Wednesday, 17 February 2016
Pennsylvania Neck Pumpkin
Obviously, this photo was not taken recently. That was Mr. Ferdzy with the most impressive specimen of Pennyslyvania Neck Pumpkin (also known as Pennsylvania Dutch Crookneck, Amish Neck Pumpkin, and Gooseneck squash) that we grew this year, harvested very early in November. It's been sitting on the top shelf in our laundry room ever since, until it drew itself to my attention by falling off during a particularly robust spin cycle and breaking into 3 pieces on the floor. Time to cook it, I guess.
It has kept really well. The flesh was still solid and sweet, here in the middle of February, even though the skin is on the thin side and easy to peel. The seeds were just showing a few signs of sprouting but most of them are good enough to save for planting this spring.
If you think it looks like an overgrown Butternut squash, it basically is. This is a pretty typical shape for moschata squash, which is the same family as Butternut. Like Butternut it's dense, dry, and sweet in flavour. A lot of people think moschatas are the best tasting species of squash.
As you may suppose by the name, this particular variety comes from central Pennsylvania where it has traditionally been popular with Amish and Mennonite farmers, who regard it as the proper variety for making pumpkin pie. They have had versions of it since at least fairly early in the 19th century. It hasn't had a wider circulation until recently but like a lot of vegetables from Pennsylvania it does well in the southern Ontario climate, since they are very similar. This is such a great squash I can only suppose the reason it is not more popular is that it is a bit of a challenge to any family that doesn't have 10 children on hand to tackle it... it's been sitting on my shelf for 3 months as I took down other, smaller, squash from around it for a reason.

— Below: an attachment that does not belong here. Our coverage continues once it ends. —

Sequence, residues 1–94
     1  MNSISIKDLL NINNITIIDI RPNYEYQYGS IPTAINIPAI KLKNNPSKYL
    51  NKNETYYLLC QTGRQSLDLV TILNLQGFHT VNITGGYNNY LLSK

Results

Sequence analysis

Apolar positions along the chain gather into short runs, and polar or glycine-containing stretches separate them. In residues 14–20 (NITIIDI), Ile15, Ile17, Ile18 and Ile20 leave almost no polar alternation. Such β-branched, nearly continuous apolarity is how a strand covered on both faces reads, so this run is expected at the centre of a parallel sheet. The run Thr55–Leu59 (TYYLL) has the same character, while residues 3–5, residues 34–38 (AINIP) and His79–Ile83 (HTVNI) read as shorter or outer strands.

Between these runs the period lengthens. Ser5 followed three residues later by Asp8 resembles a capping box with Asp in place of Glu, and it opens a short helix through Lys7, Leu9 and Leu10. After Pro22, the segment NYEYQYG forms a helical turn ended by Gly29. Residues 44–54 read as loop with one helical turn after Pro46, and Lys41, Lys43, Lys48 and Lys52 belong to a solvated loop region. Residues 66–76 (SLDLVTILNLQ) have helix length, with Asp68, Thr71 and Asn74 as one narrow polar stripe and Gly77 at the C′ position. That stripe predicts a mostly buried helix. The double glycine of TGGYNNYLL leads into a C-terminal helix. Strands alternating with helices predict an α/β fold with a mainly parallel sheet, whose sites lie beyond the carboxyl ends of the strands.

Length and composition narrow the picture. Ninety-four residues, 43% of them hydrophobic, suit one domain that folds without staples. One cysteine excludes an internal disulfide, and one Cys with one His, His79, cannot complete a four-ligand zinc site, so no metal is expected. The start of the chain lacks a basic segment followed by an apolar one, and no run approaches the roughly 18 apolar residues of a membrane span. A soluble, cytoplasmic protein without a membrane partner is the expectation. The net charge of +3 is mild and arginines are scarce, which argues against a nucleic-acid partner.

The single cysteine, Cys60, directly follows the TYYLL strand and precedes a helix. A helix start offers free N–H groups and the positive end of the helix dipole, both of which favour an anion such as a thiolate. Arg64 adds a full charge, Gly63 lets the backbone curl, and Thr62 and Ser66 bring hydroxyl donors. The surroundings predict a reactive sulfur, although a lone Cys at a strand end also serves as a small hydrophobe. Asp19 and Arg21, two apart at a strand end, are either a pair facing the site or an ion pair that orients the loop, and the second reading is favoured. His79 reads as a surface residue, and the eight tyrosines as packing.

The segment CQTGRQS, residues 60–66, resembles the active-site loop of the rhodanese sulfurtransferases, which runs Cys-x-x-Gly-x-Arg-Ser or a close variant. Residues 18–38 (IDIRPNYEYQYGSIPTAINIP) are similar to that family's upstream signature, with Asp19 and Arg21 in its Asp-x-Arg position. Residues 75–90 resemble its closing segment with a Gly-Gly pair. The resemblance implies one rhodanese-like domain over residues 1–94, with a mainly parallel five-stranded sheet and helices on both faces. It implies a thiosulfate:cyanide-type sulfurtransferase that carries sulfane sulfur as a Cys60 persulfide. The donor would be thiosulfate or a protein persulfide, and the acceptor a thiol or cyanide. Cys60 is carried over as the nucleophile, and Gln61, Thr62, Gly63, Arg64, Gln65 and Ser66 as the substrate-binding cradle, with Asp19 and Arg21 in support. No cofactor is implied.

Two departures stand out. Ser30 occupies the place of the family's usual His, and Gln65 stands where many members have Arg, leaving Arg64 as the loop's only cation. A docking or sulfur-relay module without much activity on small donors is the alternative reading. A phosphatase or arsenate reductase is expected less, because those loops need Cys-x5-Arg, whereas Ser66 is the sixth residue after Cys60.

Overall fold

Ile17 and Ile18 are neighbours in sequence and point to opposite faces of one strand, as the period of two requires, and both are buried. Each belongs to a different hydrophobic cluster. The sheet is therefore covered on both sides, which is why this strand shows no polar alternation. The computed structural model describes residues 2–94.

Grow Pennsylvania Neck Pumpkin as you would any other Butternut squash. You will need to have adequate space, and you will not get more than 1 or 2 squash per plant. Which given their size is plenty, really. I did not notice that they were any better or worse than any other squash when it comes to susceptibility to squash bugs, cucumber beetles, or mildew; the 3 big squash problems around here. Given the size of the plants, you soil needs to be fairly decent and water is critical while the squash are swelling, although it's better that they don't get too much water as the fruits ripen. As usual, a warm dry summer will produce better fruits than a cool wet one and they will keep better too. Bakers Creek says 105 days to maturity, and that squash may get to 20 pounds. I've heard of bigger ones! We didn't weigh ours, I'm afraid.
In spite of the apparently fairly dry flesh, this let off quite a bit of liquid as it cooked. A number of people note that it continues to drain off liquid even more after cooking; it's a good idea to let it strain before puréeing it. The liquid thus given off was very sweet; I'm considering saving it and seeing if I can do something with it. Even drained, it's still a very sweet and flavourful squash. When I lifted the first forkful to my mouth, it smelled amazingly of nutmeg, even though I knew I hadn't put any in.